War on Drugs

What Is The Federal Bureau of Narcotics and Dangerous Drugs?

First, let's get some basics out of the way...

Who is Harry J. Anslinger?

Harry Jacob Anslinger was born on May 20, 1892, in Altoona, PA.  He attended Pennsylvania State College from 1913 to 1915 and received his LL. B. degree from the American University in the year 1930.  Anslinger served in the U.S. Government from 1918 to 1963 under nine different Presidents.

In his career, he held consular posts in the countries of Netherlands, Germany, Venezuela, and the Bahamas between 1918 and 1926; Treasury Department and Chief of Division of Foreign Control between 1926 and 1929; Assistant Commissioner of Prohibition between the years 1929 and 1930; and Commissioner of the Federal Bureau of Narcotics and Dangerous Drugs between the years 1930 and 1963.

Henry J. Anslinger

He was the U.S. representative at the League of Nations conferences held on narcotics, and also served on the United Nations Narcotic Drugs Commission.

Federal Bureau Of Narcotics History

Harry J. Anslinger has been justifiably criticized for being an aggressive propagandist with a flair for generalizing and demonizing the immigrants and racial groups in America.

Anslinger is perhaps best known for his zealous pursuit of imposing harsh drug penalties on his fellow Americans, as well as his particularly strident antipathy for marijuana users with brown skin.

Following the Czar’s new commission, he continued to make the case for increased funding for the FBNDD, and it was Anslinger’s idea to push propaganda demonizing cannabis calling it “evil weed” and “reefer madness”.

He was responsible for introducing the term “marijuana” to the American public which was a term then used by Mexican migrant farmworkers who including African Americans were accused as responsible for the scourge.


Federal Bureau Of Narcotics: Anslinger

The prohibitionist nature of Anslinger’s drug policy has led to the carceral state that we have become today, and as the hundred year Drug War‘ continues to grow there has never been a better time to share and evaluate Henry Anslinger’s political, social, and cultural legacy.  Both recreational and medical uses of drugs including cannabis, opium, and cocaine were fairly popular in the 19th century and prior to Anslinger’s reign.

The Federal Government was not involved in regulating or restricting their use and distribution.

This was a time when there were no ‘agencies‘ under our ever-expanding Federal Government that wanted to control the pharmaceutical and medical practices through regulation.

Who is Harry Anslinger

Doctors would independently prescribe morphine and cocaine as a treatment for pain.  Although attempts were made to establish Federal control over drugs they were met with a strong opposition from the patent medicine firms and the state officials who knew the power play that the Feds were up to and defended what they agreed to be their constituents’ constitutional rights.

What does the Harrison Narcotics Tax Act have to do with any of it?

In order to get around our early libertarians’ efforts, the Federal government’s desire to control the use of drugs began to take a more definitive form by the early 20th century through the fine art of taxation.  Among other things, the Harrison Narcotics Act of 1914 made it mandatory for manufacturers, importers, and the distributors of cocaine and opium to be registered with the U.S. Department of the Treasury, pay a special tax on these drugs and also keep records for each transaction.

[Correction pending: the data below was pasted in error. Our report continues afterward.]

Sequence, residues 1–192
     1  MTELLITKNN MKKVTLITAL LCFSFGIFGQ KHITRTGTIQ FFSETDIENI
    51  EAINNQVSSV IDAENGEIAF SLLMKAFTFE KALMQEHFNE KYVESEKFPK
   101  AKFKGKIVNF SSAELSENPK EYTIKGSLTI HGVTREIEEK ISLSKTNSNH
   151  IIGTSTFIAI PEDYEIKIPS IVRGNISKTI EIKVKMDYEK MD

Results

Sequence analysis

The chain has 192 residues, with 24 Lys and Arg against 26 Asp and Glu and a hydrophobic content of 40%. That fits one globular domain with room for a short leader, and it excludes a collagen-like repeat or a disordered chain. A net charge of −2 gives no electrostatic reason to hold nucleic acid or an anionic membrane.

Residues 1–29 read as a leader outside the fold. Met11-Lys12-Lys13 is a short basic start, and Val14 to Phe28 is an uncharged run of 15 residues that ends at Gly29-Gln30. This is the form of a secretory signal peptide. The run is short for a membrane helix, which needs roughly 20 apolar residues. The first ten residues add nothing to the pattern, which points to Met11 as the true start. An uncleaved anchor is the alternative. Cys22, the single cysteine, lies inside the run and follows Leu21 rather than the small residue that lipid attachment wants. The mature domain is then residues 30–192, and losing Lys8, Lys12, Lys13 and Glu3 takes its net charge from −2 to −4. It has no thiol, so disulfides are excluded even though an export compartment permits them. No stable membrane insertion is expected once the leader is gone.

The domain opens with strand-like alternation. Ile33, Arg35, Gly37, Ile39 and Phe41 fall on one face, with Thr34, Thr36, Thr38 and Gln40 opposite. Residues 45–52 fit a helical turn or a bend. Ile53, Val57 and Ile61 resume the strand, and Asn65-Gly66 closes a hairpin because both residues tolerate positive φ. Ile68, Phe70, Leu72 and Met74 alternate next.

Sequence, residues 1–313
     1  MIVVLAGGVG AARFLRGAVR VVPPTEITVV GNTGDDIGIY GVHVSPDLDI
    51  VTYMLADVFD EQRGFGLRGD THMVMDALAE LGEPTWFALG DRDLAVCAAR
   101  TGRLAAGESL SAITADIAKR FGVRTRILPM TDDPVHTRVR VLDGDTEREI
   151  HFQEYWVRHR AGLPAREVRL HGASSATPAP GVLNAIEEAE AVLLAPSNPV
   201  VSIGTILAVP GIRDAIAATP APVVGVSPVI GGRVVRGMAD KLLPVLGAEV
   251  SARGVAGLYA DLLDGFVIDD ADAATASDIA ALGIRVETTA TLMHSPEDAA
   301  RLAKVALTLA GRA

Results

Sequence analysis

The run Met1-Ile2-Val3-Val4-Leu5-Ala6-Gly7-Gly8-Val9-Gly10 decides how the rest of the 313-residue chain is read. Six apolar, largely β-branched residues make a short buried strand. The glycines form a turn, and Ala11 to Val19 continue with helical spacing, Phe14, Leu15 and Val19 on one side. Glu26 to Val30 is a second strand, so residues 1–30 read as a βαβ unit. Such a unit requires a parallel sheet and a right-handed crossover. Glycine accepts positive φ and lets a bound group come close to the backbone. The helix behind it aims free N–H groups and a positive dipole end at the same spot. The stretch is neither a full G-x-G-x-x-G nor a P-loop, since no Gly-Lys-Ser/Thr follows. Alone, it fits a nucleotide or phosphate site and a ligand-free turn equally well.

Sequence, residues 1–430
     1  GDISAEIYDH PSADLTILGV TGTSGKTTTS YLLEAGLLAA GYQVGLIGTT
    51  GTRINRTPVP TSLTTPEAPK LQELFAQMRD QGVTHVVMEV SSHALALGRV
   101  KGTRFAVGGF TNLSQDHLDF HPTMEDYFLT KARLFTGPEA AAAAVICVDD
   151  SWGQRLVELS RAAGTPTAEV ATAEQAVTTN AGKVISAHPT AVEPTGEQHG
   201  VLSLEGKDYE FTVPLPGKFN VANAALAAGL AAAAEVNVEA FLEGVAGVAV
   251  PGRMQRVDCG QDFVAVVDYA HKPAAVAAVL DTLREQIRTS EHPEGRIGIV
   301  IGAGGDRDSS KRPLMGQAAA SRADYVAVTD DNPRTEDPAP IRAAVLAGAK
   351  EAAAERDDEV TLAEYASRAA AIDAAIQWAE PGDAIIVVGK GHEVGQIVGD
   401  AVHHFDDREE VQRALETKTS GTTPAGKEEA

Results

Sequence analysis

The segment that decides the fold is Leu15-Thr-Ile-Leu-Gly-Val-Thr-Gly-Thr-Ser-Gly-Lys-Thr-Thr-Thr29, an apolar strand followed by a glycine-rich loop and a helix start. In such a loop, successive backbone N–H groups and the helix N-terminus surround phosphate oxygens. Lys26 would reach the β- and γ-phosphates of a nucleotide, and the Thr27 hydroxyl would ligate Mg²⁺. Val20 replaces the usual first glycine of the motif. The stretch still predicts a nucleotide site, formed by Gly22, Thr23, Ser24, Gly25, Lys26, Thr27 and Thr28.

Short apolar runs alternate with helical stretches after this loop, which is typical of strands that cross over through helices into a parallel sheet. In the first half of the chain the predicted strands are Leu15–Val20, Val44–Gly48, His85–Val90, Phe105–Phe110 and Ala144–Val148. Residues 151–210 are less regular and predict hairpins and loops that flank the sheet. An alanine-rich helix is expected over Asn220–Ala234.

The Harrison Act authorized the practitioners to prescribe cocaine and opiates; however, the law was somehow subject to interpretation by the enforcing authorities.

The U.S. Department of Treasury viewed patient drug maintenance with the aid of these substances as being beyond medical scope, and this resulted in many physicians being arrested, jailed, and prosecuted.

Under the authority of the Harrison Act, the Internal Revenue Bureau’s Narcotic Division closed down city and state narcotic clinics and also sent the drug violators to federal penitentiaries.

And logically, this resulted in the physicians stopping their prescription of drugs that were covered under the Harrison Act, ultimately sending the users to the black market to seek out these substances.

Ironically, the enforcement agents were referred to as “narcs”, arguably first use of the current and familiar colloquialism.

And then came the Marihuana Tax Act of 1937

During the 1920s, narcotic enforcement was closely tied to alcohol prohibition enforcement.  In 1930, Prohibition enforcement was transferred to the Department of Justice whereas a standalone federal agency, the Federal Bureau of Narcotics, was established within the Treasury to handle narcotic enforcement.

Enter Henry J. Anslinger, appointed as the first chief of the Federal Bureau of Narcotics, continued to serve at this level until the year 1963 when he retired.   He enjoyed tremendous clout and was instrumental in shaping America’s drug policy which also influenced other countries – especially some of the developing countries, who were framing their own drug policies and seeking their own revenue streams from legally created rackets.